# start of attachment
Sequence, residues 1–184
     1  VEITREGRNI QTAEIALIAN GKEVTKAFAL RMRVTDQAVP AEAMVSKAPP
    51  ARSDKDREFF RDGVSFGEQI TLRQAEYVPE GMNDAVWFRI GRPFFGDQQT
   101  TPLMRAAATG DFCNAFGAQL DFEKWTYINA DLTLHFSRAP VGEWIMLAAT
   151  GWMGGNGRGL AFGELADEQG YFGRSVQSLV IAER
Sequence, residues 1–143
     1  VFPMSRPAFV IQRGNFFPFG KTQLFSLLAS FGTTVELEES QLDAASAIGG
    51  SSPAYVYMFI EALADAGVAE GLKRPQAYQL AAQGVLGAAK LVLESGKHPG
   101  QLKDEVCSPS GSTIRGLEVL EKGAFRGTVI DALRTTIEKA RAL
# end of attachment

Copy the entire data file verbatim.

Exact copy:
Sequence, residues 1–184
     1  VEITREGRNI QTAEIALIAN GKEVTKAFAL RMRVTDQAVP AEAMVSKAPP
    51  ARSDKDREFF RDGVSFGEQI TLRQAEYVPE GMNDAVWFRI GRPFFGDQQT
   101  TPLMRAAATG DFCNAFGAQL DFEKWTYINA DLTLHFSRAP VGEWIMLAAT
   151  GWMGGNGRGL AFGELADEQG YFGRSVQSLV IAER
Sequence, residues 1–143
     1  VFPMSRPAFV IQRGNFFPFG KTQLFSLLAS FGTTVELEES QLDAASAIGG
    51  SSPAYVYMFI EALADAGVAE GLKRPQAYQL AAQGVLGAAK LVLESGKHPG
   101  QLKDEVCSPS GSTIRGLEVL EKGAFRGTVI DALRTTIEKA RAL